- Serving in dual positions with the ASCB and another entity that requires one to favor or disfavor one organization over the other is a conflict.
(c) Examples of Activities Not Prohibited:
- Because the Society values and promotes free speech among its members and Leaders, Society Leaders advocating or favoring positions and interests that are inconsistent with that of the Society are not required to recuse themselves when the Society debates or votes on taking such positions.
- Service on the editorial board of another journal, even if the subject matter of that journal overlaps significantly with the subject matter of one of our own journals, is not by itself a prohibited activity. However, no privileged information or knowledge of operational details (e.g., subscriber numbers, prices negotiated with outside vendors, finances, etc.) can be shared with the other journal without first obtaining permission to do so from the appropriate ASCB authorities.
(3) Conflicts Involving Gifts, Gratuities, Preferential Treatment. It is a conflict of interest if a Society Leader solicits or accepts gifts, gratuities, free trips, honoraria, personal property, or anything of value (“gifts”) from any person or entity as a direct or indirect inducement to provide special treatment to such donor with respect to matters pertaining to the Society.
(a) Explanation: Inducements provided to influence decision-making of Society leaders – or that may have the indirect or direct effect of influencing this decision-making – interfere with the proper operation of the Society and cause a conflict of interest. A conflict of this type is manifested when Society Leaders solicit or accept gifts from vendors or from anyone seeking to do business with, or to receive special treatment from, the Society.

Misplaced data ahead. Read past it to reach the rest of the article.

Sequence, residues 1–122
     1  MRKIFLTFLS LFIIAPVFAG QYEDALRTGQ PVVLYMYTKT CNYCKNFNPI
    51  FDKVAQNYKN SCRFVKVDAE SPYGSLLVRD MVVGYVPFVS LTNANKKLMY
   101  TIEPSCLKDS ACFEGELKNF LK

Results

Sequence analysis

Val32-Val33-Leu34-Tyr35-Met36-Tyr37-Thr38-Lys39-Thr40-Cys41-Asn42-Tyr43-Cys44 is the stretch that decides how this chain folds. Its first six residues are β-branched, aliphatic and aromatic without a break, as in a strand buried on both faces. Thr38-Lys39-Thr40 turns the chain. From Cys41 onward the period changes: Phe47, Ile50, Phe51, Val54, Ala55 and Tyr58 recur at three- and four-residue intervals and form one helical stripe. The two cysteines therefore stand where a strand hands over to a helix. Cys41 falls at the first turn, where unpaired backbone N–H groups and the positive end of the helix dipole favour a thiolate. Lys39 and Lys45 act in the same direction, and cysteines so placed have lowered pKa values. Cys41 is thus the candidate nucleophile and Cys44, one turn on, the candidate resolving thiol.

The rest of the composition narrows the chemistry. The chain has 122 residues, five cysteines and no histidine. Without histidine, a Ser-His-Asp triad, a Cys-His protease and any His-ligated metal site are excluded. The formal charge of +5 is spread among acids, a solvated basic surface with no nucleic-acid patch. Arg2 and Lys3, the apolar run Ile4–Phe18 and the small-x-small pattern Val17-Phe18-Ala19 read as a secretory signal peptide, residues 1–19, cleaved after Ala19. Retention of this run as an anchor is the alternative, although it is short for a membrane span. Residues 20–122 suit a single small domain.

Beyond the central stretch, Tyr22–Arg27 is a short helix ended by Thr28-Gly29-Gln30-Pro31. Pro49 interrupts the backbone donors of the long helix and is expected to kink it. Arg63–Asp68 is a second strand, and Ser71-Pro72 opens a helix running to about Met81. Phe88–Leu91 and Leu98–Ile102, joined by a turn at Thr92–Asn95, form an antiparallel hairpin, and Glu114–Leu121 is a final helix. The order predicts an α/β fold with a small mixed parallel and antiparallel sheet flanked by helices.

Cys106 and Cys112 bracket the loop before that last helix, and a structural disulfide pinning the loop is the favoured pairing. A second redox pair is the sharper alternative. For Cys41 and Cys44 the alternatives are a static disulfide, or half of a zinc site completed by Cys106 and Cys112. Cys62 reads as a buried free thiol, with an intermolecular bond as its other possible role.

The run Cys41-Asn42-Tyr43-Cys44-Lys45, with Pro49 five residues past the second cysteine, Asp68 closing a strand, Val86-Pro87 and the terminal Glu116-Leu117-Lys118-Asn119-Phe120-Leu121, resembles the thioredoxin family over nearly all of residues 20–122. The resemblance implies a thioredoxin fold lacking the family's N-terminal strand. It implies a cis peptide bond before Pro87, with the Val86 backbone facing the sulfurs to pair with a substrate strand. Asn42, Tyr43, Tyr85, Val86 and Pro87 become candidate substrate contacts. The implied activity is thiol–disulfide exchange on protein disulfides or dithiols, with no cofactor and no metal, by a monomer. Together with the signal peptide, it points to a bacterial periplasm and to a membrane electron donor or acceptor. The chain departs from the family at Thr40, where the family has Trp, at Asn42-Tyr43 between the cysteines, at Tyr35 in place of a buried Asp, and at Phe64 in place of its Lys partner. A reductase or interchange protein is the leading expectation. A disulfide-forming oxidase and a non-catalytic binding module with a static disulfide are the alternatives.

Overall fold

(b) Examples of Prohibited & Approvable Activities:
- A Society Leader cannot ever solicit – or accept – a free trip, gratuity, honorarium, or gifts cumulatively valued in excess of $100 in any year from an actual or potential vendor to the Society (e.g., exhibitor at the Annual Meeting or advertiser in the Society’s publications) unless the excess gift is approved by the CEO or a Society Officer. (An appropriate “gift” might be a hotel room for a staffer making a site visit when a letter of intent has been signed with that city or an amenity provided to all VIPs at an already contracted hotel.)
- A single gift of over $100 in value to a Society staff member is prohibited, unless approved by the CEO (which may most often occur when a gift is shared by the full ASCB staff, such as with flowers, candy, or popcorn).
- Society Leaders cannot attend meals or receptions or entire events sponsored by actual or would-be vendors if such events are valued at more than $100 per person unless approved by the CEO or a Society Officer. (Such approvable events may occur at educational events and involve groups of attendees.)
(c) Examples of Activities Not Prohibited: Society Leaders offered gifts due to their status with the Society may personally receive such gifts, up to $100 aggregate annual value from any one person or entity doing business with the Society. To receive gifts from a potentialvendor/contractor valued in excess of that, the Society Leader must obtain approval from the CEO or a Society Officer, and such gifts must be shared with Society staff and/or members when possible.
VI. Addressing Specific Conflict of Interest Questions.
This Policy empowers the Council, itself or through the Executive Committee, to review and address any questions about actual or potential conflicts of interest, or to establish a standing or ad hoc committee to do so.
Approved by the ASCB Council, May 20, 2008